A Taiwan court has released on bail the manager of a construction site whose truck is believed to have caused a train accident that killed at least 50 people, but prosecutors vowed to appeal.
The Taroko Express was carrying almost 500 people down the island’s east coast on Friday, the first day of a religious festival when families gather to honour their ancestors, when it crashed in a tunnel just outside Hualien city.
Prosecutors had applied to a court to detain the manager on charges of causing death by negligence, a justice ministry official said on Saturday.
But a court in Hualien released the manager, Lee Yi-hsiang, on a bond of T$500,000 (£12,600), although it restricted him from leaving Taiwan for eight months and said he had to stay in Hualien.
The court said that while the truck’s fall into the path of the train was possibly due to negligence, there was “no possibility of conspiracy”.
Yu Hsiu-duan, the head of the Hualien prosecutors’ office, said it would appeal against the decision.
“The court said there was no reason to keep him in custody,” she told reporters. “The court changed it to a surety of $T500,000.”
Lee’s court-appointed lawyer declined to comment to reporters as he left the court.
Police believe the train hit a truck which had slid down an embankment from a maintenance work site on to the tracks. The front carriages of the train derailed and piled up inside the tunnel, becoming crushed against the walls, splitting and tearing apart.
Dozens were killed, including the 33-year-old train driver and an assistant driver. Authorities also confirmed the death of a six-year-old girl, a French national and a US national. More than 70 others were trapped inside for hours, while other survivors broke windows and crawled along the train roof to escape.
The driver of the truck was not in it at the time it slid down, and police suspected it had been “parked improperly”. .
Workers on Saturday began moving the train’s rear portion, which was relatively unscathed as it had stopped outside the tunnel away from the accident spot.
However, other mangled sections remained in the tunnel, where a fire department official, Wu Liang-yun, said more bodies were likely to be found. “We’re still carrying out rescue work,” he added.
About 150 people were injured in the crash, and 48 people were pronounced dead at the scene. Two of the injured later died in hospital. On Saturday morning, 40 people remained in hospital, including four in intensive care. Two people from Japan, two from Australia and one from Macau were confirmed among those who had suffered minor injuries. Authorities said on Saturday that 496 people had been onboard, including four rail staff, 372 seated passengers and 120 standing passengers.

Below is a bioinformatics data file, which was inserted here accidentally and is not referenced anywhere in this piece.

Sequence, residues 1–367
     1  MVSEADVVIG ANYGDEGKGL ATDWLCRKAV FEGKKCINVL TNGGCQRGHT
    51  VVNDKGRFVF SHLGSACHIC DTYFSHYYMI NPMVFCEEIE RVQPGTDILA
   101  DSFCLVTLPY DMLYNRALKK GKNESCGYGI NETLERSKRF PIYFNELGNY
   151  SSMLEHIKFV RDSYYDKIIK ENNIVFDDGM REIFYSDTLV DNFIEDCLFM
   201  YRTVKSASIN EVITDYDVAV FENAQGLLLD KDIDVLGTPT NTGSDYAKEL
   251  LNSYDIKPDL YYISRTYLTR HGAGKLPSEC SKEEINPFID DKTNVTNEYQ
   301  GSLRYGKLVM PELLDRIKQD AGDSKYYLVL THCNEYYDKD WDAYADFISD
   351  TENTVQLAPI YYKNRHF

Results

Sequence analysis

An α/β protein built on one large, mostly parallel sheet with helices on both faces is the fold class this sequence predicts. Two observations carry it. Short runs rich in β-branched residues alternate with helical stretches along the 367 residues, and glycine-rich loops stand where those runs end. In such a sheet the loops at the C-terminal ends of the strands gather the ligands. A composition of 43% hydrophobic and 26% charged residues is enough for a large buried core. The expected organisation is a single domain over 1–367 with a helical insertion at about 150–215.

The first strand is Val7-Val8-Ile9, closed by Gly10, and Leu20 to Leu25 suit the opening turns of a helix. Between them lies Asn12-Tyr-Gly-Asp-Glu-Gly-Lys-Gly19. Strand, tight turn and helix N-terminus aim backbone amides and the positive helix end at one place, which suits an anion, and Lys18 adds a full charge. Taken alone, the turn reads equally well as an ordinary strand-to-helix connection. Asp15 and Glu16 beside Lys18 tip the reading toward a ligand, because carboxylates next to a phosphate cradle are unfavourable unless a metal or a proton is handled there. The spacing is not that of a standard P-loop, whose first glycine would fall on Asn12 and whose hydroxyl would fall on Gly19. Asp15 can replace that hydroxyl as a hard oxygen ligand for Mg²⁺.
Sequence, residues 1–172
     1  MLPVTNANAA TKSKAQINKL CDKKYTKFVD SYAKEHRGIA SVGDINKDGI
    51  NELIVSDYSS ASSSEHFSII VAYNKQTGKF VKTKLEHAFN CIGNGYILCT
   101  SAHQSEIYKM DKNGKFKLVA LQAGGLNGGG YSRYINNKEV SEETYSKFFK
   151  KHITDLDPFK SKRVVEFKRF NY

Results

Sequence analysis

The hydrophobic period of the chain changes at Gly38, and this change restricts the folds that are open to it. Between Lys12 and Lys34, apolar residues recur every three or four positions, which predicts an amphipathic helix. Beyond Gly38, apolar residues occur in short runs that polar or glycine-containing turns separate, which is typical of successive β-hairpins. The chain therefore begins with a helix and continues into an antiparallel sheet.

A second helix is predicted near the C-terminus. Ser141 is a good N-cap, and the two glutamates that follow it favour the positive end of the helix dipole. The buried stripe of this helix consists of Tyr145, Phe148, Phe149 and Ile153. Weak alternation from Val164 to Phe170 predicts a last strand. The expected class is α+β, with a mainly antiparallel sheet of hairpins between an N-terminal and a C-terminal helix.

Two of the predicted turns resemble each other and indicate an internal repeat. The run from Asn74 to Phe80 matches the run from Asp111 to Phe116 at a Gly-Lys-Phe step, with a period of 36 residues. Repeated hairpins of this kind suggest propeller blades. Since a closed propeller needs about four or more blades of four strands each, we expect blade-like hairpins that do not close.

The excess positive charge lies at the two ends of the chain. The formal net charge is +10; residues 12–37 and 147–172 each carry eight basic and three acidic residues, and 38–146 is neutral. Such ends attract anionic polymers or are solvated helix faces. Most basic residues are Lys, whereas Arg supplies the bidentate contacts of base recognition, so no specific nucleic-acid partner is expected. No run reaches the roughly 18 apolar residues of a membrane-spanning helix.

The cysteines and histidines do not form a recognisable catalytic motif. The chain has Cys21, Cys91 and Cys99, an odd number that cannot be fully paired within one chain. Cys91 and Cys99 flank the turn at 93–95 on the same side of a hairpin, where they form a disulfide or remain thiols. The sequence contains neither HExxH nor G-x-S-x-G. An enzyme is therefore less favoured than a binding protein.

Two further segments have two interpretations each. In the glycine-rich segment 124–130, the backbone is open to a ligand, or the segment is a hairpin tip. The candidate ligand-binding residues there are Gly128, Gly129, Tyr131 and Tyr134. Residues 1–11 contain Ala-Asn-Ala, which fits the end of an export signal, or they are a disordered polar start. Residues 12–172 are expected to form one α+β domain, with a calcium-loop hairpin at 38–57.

Authorities warned the death toll could still rise, because some body parts were yet to be properly identified. A rescuer at the crash site also said they were not sure if more bodies might still be in the wrecked carriages stuck inside the tunnel. On Saturday, the foreign ministry said a US national – accompanying the one killed – was still missing.
A Red Cross Society rescuer told local media the scene on arrival was “like a living hell”, and suggested there were a number of children among the dead.
“Chairs were mangled, objects were scattered all over the floor, and blood was everywhere,” Lin Chi-feng told CNA.
“It was heartbreaking to see so many children and infants die in the accident,” he said.
All survivors were freed from the wreckage by Friday afternoon, and salvage crews began to clear the rear carriages from the track on Saturday, but the damaged carriages remained stuck inside the tunnel. Rail authorities said it would take another week to clear the site and resume services.
Taiwan’s government ordered all flags to be lowered to half-mast for three days, to honour the victim of the worst rail disaster to strike the island in decades. President Tsai Ing-wen visited survivors in hospital on Saturday.
“This heartbreaking accident caused many injuries and deaths. I came to Hualien today to visit the injured and express my condolences to the deceased passengers’ families,” Tsai said. “We will surely help them in the aftermath.”
Tsai said on Friday that she had asked the transport safety committee to conduct a strict investigation.
The transport minister, Lin Chia-lung, said repairs would be accelerated. “When such a thing happens, I feel very sorry and I will take full responsibility,” Lin said after touring the site.